Telstra CTO Hugh Bradlow this week discussed some of the issues telcos have to deal with as more of their customers turn to the Internet to access rich media services.
"Broadband usage is becoming media-centric rather than Web-centric," he told Total Telecom on the sidelines of Broadband World Forum on Tuesday. By the end of the decade, consumers in the U.S. will watch more hours of content over broadband than they will over broadcast, he said.
In the age of media-centric broadband, "each user has a much more sustained usage of the network," Bradlow explained, so "your average aggregate throughput becomes the bottleneck."
This issue is particularly pertinent to mobile operators, which are seeing steady growth in the volume of video traffic on their networks.
Telstra is no exception, and is investigating several methods for improving the quality of mobile video, including transcoding, predictive content caching on devices, and LTE Broadcast.
"We've done a lot of work on LTE Broadcast," Bradlow noted.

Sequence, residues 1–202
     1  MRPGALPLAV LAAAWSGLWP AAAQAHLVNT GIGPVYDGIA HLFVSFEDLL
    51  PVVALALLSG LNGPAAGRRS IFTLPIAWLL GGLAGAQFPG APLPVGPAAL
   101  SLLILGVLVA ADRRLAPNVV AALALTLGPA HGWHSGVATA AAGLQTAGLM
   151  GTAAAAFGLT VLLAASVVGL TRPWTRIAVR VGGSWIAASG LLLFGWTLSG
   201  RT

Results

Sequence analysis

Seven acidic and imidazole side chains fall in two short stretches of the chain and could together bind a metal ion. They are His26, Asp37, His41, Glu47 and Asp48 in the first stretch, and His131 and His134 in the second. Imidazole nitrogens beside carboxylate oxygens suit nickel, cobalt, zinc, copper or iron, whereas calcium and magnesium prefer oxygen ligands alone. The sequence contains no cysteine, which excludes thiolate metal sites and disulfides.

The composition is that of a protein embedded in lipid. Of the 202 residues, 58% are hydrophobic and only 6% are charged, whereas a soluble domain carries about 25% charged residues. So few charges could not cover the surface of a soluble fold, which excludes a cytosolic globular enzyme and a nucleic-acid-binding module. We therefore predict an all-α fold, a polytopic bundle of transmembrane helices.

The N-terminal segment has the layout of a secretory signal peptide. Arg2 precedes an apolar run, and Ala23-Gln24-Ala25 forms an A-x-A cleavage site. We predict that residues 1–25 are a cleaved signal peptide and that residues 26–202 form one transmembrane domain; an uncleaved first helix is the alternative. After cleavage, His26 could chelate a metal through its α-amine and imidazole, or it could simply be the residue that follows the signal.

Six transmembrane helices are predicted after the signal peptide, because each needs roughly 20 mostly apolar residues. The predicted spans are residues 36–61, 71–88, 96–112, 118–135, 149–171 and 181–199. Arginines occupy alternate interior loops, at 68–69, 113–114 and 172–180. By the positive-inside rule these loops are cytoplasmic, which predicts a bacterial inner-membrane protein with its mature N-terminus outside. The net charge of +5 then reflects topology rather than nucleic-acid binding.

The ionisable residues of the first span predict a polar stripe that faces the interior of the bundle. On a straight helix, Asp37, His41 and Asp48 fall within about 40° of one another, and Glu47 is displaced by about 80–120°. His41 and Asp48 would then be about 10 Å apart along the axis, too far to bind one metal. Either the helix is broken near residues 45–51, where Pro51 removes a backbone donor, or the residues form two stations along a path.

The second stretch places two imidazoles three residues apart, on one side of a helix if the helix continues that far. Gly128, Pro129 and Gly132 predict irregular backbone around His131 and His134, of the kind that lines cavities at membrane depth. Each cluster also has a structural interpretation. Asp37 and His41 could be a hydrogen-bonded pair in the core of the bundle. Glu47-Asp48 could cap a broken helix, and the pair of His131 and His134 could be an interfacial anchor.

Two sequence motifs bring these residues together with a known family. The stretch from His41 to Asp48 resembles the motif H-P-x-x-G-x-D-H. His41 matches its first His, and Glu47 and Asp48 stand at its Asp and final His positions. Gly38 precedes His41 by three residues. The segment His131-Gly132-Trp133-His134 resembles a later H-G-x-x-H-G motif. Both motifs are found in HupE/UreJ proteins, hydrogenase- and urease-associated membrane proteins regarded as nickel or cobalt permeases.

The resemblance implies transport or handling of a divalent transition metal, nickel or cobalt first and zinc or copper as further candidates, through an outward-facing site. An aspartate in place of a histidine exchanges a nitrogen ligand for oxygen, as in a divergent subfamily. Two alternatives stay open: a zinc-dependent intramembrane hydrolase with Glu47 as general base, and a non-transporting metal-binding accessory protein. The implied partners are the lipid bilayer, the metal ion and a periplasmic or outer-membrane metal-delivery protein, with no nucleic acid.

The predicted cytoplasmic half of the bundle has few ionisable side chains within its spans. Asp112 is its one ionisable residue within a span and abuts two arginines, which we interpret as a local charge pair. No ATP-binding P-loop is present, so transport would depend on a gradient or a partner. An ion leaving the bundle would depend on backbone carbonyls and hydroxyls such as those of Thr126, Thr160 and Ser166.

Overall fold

Telstra in February announced plans to trial LTE-Broadcast, which is based on eMBMS (evolved Multimedia Broadcast Multicast Services), in partnership with Ericsson.
However, "We don't have commitments to put it into service any time in the near future", Bradlow said.
Not all video optimisation techniques are created equal, either.
"Transcoding is very important and we're looking at predictive caching, but that is more difficult," said Bradlow.
When it comes to pushing video to devices based on the owner's habits and preferences, "the long tail of content can get very, very long," he said.
Bradlow was also sceptical about prioritising mobile video traffic due to the potentially negative effect it could have on the user experience.
"If someone at the very edge of the cell tries to watch a video and we prioritise that traffic, we could use up all the capacity in that cell trying to guarantee the quality of that video all the way to the edge of that cell," he said. "QoS becomes very complex when it comes to mobile."